Microalgae are a promising feedstock for the production of sustainable, 3rd generation biofuels; however, current lipid-based processes are too expensive to effectively compete with existing transportation fuels. A potential solution is to convert the entire algae via hydrothermal liquefaction (HTL) instead, therefore allowing the use of faster-growing, and cheaper microalgae.This project sought to address some of the main challenges with this technology, currently restricting its use for large-scale fuel production. Fuels are low value products and unlikely to pay for the entire fuel production process on their own. Consequently, the possibility of producing additional by-products from the conversion of polymer- containing algae, or combining HTL with a more conventional lipid- extraction process, was explored. In addition, the project studied the conversion of microalgae produced during the bioremediation of domestic wastewater, in order to help to offset the overall biomass production costs.The majority of research into algal HTL has been confined to batch systems, which are not fully representative of the continuous flow processes used for large-scale fuel production. Consequently, an inexpensive laboratory-scale system was designed to study the continuous HTL of algae under a range of operating conditions. Using this system, it was found that, compared to a batch reactor, significantly enhanced oil yields could be obtained from the system, as a result of increased heating rates, together with prolonged reaction times.Finally, the poor quality of the bio-oils produced by the HTL of microalgae is a major challenge. Particularly their high nitrogen content restricts their conversion within conventional petrochemical refineries. Therefore, significant upgrading is required before the oil can be fractionated into fuels. In order to achieve this, a range of zeolite-supported nickel phosphide catalysts were synthesised in this project, and tested for the denitrogenation of the model compound quinoline, before they were applied to the upgrading of bio-oil obtained from the continuous liquefaction of the wastewater-derived algae. Although the synthesised catalysts showed only low activity towards the denitrogenation of the bio- oil, they were more active for the hydrogenation of quinoline, compared to two conventional sulphided transition metal catalysts, and following further optimization, could therefore represent a viable class of oil upgrading catalysts.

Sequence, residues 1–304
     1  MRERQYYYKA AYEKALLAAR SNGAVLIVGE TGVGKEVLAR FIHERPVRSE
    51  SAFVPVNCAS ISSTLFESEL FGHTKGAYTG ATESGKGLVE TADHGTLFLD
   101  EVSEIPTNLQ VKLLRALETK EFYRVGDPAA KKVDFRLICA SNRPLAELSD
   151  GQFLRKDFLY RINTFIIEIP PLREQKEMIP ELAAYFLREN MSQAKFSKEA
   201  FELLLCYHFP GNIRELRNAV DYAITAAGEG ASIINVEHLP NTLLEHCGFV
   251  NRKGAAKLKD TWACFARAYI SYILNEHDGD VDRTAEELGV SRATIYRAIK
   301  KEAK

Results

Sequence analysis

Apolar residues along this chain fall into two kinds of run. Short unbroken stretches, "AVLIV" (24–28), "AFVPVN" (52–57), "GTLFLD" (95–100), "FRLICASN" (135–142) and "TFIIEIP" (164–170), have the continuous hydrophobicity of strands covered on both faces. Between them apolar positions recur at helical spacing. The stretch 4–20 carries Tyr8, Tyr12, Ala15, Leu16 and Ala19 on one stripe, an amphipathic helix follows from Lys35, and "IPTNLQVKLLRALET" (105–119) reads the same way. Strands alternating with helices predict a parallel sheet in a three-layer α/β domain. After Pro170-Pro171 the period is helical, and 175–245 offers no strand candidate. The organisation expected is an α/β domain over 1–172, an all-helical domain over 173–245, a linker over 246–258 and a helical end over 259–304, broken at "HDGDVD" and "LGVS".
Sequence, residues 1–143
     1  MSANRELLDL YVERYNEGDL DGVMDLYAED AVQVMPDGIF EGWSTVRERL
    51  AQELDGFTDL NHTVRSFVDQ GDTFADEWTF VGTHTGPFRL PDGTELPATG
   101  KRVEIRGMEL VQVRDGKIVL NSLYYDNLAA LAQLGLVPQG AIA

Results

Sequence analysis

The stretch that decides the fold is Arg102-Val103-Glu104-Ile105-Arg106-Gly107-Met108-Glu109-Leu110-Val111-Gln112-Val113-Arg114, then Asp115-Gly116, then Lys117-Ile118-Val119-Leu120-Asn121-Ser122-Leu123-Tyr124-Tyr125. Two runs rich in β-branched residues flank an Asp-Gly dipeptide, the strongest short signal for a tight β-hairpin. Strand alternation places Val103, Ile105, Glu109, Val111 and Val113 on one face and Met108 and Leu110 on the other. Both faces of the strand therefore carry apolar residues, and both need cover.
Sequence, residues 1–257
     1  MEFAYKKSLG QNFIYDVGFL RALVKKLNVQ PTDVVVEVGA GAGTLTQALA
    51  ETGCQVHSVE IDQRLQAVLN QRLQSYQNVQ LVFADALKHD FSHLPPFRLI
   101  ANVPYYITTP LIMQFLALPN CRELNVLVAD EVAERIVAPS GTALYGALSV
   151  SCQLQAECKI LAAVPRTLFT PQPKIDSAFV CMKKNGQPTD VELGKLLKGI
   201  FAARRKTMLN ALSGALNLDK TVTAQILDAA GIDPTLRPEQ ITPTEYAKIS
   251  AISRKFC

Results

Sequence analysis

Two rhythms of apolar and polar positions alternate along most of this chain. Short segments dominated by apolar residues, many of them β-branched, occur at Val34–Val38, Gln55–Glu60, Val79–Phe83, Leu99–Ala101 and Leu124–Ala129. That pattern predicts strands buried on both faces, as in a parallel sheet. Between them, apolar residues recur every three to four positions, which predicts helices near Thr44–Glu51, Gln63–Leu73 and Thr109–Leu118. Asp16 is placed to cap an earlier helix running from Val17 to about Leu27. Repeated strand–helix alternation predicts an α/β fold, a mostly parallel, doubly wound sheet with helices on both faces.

|Date of Award||16 Jan 2017|
|Supervisor||Chris Chuck (Supervisor), Valeska Ting (Supervisor), Asel Sartbaeva (Supervisor) & Mark Weller (Supervisor)|